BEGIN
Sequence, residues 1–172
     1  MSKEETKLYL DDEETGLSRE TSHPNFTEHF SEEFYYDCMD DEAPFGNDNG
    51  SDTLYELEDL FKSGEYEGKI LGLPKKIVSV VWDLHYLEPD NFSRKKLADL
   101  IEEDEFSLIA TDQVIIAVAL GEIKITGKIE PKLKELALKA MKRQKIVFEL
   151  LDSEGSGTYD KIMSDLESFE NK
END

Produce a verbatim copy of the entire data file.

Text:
Sequence, residues 1–172
     1  MSKEETKLYL DDEETGLSRE TSHPNFTEHF SEEFYYDCMD DEAPFGNDNG
    51  SDTLYELEDL FKSGEYEGKI LGLPKKIVSV VWDLHYLEPD NFSRKKLADL
   101  IEEDEFSLIA TDQVIIAVAL GEIKITGKIE PKLKELALKA MKRQKIVFEL
   151  LDSEGSGTYD KIMSDLESFE NK